Egypt pardons Al Jazeera journalists 2 years after arrests

Peter Greste, from left, Mohamed Fahmy and Baher Mohamed are held in a cage during their trial in 2014.

Story highlights

  • A U.S. diplomat cheers the pardons, touts need for freedoms of expression and the press
  • Mohamed Fahmy and Baher Mohamed are pardoned nearly two years after their arrests
  • Fahmy, Mohamed and colleague Peter Greste were convicted of supporting banned Muslim Brotherhood

(CNN)After months of imprisonment and uncertainty, two Al Jazeera journalists held in Egypt appear to have secured their freedom.

President Abdel Fattah el-Sisi on Wednesday pardoned Mohamed Fahmy and Baher Mohamed, the government said, nearly two years after they and a colleague were arrested on accusations -- condemned by activists -- that they aired false news in support of the banned Muslim Brotherhood.
    The two were among 100 prisoners that el-Sisi pardoned on the eve of the Muslim holiday Eid al-Adha, which marks the yearly Hajj pilgrimage. It is traditionally a time of clemency.
    U.S. Ambassador to the United Nations Samantha Power was among those who applauded the pardons, singling out the release of women's rights activists Sanaa Seif and Yara Sallam.
    "Peaceful expression should never be a crime," Power said in a statement. "Similarly, the freedom of the press to investigate, report and comment -- even when its perspective is unpopular or disputed -- is fundamental to any free society and essential to democratic development."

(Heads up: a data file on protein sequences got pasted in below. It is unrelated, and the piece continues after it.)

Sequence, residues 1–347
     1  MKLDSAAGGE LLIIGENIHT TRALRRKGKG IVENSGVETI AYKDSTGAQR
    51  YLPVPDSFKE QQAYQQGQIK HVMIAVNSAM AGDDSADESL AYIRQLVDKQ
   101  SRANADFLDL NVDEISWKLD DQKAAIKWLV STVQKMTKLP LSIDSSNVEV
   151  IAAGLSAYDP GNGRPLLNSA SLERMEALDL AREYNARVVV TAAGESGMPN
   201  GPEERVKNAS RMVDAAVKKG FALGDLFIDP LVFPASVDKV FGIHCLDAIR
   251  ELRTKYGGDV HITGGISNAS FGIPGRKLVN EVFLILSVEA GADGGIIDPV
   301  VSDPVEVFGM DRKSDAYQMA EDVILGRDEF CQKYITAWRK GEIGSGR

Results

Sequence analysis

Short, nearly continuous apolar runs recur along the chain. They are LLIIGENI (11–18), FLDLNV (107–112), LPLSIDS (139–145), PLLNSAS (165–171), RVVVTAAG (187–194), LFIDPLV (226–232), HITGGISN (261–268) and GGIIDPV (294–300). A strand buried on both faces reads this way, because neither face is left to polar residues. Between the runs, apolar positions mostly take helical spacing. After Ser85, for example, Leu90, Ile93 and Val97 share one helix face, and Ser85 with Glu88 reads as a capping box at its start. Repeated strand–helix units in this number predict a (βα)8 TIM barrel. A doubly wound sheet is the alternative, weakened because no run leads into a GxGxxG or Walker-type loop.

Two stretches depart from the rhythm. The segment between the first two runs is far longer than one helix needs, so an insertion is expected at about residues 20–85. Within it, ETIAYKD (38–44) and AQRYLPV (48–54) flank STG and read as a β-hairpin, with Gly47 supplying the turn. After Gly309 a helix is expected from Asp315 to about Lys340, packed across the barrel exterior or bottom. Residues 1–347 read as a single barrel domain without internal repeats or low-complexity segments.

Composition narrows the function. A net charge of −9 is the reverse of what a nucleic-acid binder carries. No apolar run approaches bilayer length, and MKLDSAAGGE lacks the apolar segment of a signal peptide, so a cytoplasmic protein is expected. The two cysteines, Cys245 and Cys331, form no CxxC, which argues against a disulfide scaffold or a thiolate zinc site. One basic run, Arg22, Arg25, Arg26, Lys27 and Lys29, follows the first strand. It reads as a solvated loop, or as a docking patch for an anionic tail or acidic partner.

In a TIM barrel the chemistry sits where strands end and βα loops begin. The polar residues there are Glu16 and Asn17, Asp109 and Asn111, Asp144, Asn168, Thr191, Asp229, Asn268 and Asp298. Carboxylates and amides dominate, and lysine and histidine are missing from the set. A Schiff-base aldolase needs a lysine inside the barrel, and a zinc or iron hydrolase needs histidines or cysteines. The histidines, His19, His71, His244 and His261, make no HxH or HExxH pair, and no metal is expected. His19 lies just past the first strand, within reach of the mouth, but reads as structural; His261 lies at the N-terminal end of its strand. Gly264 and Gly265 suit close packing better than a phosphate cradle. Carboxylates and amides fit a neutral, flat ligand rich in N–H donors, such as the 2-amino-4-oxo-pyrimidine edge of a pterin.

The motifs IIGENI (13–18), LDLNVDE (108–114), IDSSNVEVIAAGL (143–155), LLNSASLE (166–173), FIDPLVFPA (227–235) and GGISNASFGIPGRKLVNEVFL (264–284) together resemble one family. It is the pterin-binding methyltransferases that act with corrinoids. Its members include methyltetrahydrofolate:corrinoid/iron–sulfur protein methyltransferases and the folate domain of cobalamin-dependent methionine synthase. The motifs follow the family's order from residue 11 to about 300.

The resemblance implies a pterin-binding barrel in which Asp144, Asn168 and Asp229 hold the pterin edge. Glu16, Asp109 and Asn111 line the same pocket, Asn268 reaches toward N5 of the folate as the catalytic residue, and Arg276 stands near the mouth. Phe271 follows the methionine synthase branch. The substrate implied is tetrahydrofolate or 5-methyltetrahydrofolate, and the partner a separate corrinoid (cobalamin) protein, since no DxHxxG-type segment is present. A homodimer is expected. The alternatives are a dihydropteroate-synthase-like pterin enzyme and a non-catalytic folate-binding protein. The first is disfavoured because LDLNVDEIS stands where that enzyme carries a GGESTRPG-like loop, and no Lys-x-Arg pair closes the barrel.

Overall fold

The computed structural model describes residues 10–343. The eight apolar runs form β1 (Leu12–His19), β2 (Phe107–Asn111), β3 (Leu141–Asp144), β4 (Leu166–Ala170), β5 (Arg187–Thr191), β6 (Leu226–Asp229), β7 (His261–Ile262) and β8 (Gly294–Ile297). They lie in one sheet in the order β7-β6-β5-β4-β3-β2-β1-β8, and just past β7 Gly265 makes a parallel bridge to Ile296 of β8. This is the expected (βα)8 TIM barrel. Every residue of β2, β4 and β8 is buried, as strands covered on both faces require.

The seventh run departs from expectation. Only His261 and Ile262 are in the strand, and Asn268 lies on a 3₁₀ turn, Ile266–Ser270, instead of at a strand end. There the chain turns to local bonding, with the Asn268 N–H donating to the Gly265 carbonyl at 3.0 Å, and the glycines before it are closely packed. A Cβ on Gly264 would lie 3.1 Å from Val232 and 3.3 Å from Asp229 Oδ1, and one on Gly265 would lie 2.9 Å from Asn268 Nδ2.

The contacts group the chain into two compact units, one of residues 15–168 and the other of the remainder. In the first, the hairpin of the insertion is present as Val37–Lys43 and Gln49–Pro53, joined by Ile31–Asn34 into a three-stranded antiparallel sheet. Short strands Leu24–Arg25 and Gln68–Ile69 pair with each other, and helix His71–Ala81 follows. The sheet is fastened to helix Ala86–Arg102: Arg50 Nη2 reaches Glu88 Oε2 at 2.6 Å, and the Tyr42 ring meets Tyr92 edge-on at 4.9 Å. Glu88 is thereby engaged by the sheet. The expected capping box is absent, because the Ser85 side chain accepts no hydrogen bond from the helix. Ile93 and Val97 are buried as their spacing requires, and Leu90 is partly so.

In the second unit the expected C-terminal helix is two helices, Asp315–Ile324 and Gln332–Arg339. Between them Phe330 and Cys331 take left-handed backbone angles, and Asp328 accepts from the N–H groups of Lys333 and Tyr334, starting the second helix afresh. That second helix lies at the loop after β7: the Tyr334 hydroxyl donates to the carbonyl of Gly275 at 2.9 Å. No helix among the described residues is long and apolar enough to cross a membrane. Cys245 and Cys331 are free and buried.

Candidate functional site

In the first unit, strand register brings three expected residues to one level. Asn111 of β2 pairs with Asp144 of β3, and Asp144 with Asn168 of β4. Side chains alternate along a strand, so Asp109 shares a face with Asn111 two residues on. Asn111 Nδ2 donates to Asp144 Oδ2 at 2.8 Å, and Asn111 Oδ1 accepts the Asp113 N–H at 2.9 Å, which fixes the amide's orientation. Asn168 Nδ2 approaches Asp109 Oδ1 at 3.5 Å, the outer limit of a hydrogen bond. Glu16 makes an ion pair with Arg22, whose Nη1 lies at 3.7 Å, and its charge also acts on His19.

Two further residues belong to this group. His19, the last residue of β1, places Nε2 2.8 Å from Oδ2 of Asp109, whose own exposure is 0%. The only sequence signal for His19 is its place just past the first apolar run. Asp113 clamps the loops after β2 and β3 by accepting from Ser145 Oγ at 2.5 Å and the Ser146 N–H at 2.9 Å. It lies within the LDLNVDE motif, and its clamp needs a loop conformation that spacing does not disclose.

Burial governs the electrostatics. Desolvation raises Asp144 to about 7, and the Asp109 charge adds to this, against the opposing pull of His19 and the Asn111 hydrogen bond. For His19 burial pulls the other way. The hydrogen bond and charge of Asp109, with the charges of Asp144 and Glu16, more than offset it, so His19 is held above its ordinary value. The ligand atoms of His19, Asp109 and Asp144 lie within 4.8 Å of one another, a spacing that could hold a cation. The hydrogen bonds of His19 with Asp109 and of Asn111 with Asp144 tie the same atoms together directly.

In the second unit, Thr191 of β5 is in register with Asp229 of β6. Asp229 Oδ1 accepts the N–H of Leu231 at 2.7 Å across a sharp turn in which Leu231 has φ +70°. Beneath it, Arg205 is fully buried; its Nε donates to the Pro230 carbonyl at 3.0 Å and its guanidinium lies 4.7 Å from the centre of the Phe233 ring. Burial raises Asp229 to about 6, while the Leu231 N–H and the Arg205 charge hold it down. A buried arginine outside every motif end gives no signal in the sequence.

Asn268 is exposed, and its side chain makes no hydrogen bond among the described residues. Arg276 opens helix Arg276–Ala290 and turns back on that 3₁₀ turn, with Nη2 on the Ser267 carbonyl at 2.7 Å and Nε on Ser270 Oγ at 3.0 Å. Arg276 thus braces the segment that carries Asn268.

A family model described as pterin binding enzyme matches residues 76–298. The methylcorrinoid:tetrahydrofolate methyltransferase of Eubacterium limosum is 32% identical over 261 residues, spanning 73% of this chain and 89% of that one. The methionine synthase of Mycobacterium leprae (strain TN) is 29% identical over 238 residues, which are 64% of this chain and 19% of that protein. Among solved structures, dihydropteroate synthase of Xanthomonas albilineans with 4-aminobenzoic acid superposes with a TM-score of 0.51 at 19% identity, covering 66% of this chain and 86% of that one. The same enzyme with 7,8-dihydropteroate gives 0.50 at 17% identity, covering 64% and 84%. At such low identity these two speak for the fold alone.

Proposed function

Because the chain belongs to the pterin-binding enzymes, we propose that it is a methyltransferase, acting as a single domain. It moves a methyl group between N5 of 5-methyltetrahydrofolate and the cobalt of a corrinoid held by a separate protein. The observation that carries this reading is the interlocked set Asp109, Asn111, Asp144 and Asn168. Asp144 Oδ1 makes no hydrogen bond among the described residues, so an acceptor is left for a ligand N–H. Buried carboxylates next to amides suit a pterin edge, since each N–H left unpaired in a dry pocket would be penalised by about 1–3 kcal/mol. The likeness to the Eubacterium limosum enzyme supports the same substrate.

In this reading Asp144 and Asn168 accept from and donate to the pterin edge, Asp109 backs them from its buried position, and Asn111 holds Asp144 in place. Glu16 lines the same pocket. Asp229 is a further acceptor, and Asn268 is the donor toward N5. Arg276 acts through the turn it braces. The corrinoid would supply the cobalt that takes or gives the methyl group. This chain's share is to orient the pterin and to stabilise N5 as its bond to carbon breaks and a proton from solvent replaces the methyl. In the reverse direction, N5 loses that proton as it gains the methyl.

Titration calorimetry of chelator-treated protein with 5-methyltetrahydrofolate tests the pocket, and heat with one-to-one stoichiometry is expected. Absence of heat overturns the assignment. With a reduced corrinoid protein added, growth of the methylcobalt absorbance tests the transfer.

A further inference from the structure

Power was referring to journalists such as Fahmy and Mohamed, whose plights gained international attention after they and colleague Peter Greste were arrested in Egypt in December 2013. They were accused in part of aiding the Brotherhood, which was outlawed in Egypt after the army overthrew Brotherhood-affiliated President Mohamed Morsy amid protests against his rule that year.
    Specifically, they were accused of broadcasting footage -- including video of clashes between police and pro-Morsy protesters -- that portrayed the Egyptian regime falsely with the intention of bringing it down.
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    The three, who said they were just doing their jobs, were convicted last year, sparking an outcry among journalists and activists around the world.
    They were granted a retrial this year, and Greste was deported to his home country, Australia. But their convictions were affirmed by a judge in August, and they were sentenced to three years in prison, with Greste sentenced in absentia.
    Amnesty International and other observers have long held that Fahmy, Mohamed and Greste were pawns in a geopolitical dispute between Egypt and Qatar, the small Middle Eastern country that finances Al Jazeera.
    Fahmy, a Candian-Egyptian and a former CNN producer, said he reluctantly renounced his Egyptian citizenship this year, hoping that el-Sisi would deport him instead of holding him for the retrial. Greste had been released under an Egyptian law allowing el-Sisi to deport foreign defendants.
    But Fahmy's deportation never came, keeping him in Egpyt with Mohamed, an Egyptian citizen, as the trio was reconvicted in August.
    Al Jazeera Media Network's acting director general Mostefa Souag condemned that verdict, saying it "defies logic and common sense" and followed a heavily politicized and unfair trial process.
    Wednesday, by a contrast, was a time for celebration -- as Fahmy made clear on his Twitter account.
    "I am free! This time for real! Cops dropped me at CAC my old high school in my prison garb. Party Time! #FreeAJStaff," the tweet reads.